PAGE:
November 25 2009 began like any other ordinary day in captivity. Nigel spent his day memorising his diary, reading passages from the Qur’an and sleeping. However, it wasn’t until around 6pm that he and Amanda were ordered out of the house by the kidnappers and were forced into the backseat of a car. In ‘The Price of Life’ he explains how terrified both he and Amanda were. Often threatened by the kidnappers, they feared they were going to be handed over to Al-Shabaab – a Somalia-based Al-Qaeda group. Their lives again would mean little, and the ransom price would most definitely increase if this was the case. But finally, after being thrown into a third vehicle Nigel heard the words that he least expected, “I am a Somali MP. Please, calm down, you are safe, you are free.” The Brennan family finally were able to convince the kidnappers to accept a $658,000 ransom – $2.3 million less than what was originally asked for on day one.
“Words cannot describe what it felt like to land in Australia – euphoric just doesn’t cut it,” Nigel said in his book. “My overwhelming happiness at being back with my family, though, was tinged with sadness. I could now see firsthand the pain that my selfishness and ambition had caused them. Their struggle for my freedom had taken a great toll, physically and mentally.”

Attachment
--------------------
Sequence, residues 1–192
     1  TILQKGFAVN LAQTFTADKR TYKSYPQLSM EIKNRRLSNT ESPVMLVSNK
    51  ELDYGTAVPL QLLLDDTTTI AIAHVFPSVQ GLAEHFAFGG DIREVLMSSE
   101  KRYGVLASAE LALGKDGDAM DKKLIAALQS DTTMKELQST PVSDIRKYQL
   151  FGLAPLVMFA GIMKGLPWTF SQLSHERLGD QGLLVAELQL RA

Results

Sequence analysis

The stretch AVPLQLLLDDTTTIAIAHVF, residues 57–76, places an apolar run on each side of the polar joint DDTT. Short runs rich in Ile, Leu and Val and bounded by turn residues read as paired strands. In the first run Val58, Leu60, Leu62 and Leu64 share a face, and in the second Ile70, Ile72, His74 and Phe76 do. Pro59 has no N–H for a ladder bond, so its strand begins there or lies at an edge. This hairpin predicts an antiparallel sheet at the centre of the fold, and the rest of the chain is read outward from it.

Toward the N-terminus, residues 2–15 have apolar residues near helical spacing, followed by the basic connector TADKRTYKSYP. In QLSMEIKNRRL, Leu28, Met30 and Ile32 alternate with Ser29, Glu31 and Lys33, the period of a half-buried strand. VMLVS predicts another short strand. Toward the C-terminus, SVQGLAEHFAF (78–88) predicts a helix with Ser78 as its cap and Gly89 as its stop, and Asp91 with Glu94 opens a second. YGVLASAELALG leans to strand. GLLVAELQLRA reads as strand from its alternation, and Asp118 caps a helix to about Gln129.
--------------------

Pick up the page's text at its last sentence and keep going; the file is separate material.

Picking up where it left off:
After 462 gruelling days in anguished captivity, where Nigel’s life meant nothing more than a dollar sign, he returned as a strong-minded, understanding and indestructible man who’s family stopped at nothing to get him home. Turning the experience into a positive, he is now a public speaker, consultant and author and Nigel says he doesn’t intend to waste his second chance at life. “I realised during those 15 months the power of words,” he explained, and he now endeavours to be more understanding to others, more compassionate and less judgmental. Today – unlike back in 2008 – he is all smiles, but unbeknown to some – that smile hides an astoundingly arduous tale of determination and willpower. He poses a question he should have asked himself back in 2008, “is the risk versus the reward of what you’re going to achieve there worth it? Is it worth risking your life, and risking in my case, the trauma that I put my family through?”
*Paragraph added after grading (the assignment required the profile to be written in third person)